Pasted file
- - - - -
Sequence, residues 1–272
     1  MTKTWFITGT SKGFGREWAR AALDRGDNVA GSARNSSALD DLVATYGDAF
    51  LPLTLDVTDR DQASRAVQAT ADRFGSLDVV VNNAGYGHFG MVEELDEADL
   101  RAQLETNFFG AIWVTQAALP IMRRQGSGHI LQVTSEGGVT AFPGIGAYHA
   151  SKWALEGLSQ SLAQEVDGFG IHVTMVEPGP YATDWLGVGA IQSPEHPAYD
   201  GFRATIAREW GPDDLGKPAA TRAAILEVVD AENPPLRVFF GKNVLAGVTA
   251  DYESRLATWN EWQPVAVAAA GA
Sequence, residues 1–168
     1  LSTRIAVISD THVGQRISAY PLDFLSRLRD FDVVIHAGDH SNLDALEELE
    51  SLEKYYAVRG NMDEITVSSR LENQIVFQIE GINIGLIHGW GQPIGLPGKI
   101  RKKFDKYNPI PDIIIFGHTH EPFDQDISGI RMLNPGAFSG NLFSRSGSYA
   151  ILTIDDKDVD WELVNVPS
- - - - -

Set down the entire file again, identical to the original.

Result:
Sequence, residues 1–272
     1  MTKTWFITGT SKGFGREWAR AALDRGDNVA GSARNSSALD DLVATYGDAF
    51  LPLTLDVTDR DQASRAVQAT ADRFGSLDVV VNNAGYGHFG MVEELDEADL
   101  RAQLETNFFG AIWVTQAALP IMRRQGSGHI LQVTSEGGVT AFPGIGAYHA
   151  SKWALEGLSQ SLAQEVDGFG IHVTMVEPGP YATDWLGVGA IQSPEHPAYD
   201  GFRATIAREW GPDDLGKPAA TRAAILEVVD AENPPLRVFF GKNVLAGVTA
   251  DYESRLATWN EWQPVAVAAA GA
Sequence, residues 1–168
     1  LSTRIAVISD THVGQRISAY PLDFLSRLRD FDVVIHAGDH SNLDALEELE
    51  SLEKYYAVRG NMDEITVSSR LENQIVFQIE GINIGLIHGW GQPIGLPGKI
   101  RKKFDKYNPI PDIIIFGHTH EPFDQDISGI RMLNPGAFSG NLFSRSGSYA
   151  ILTIDDKDVD WELVNVPS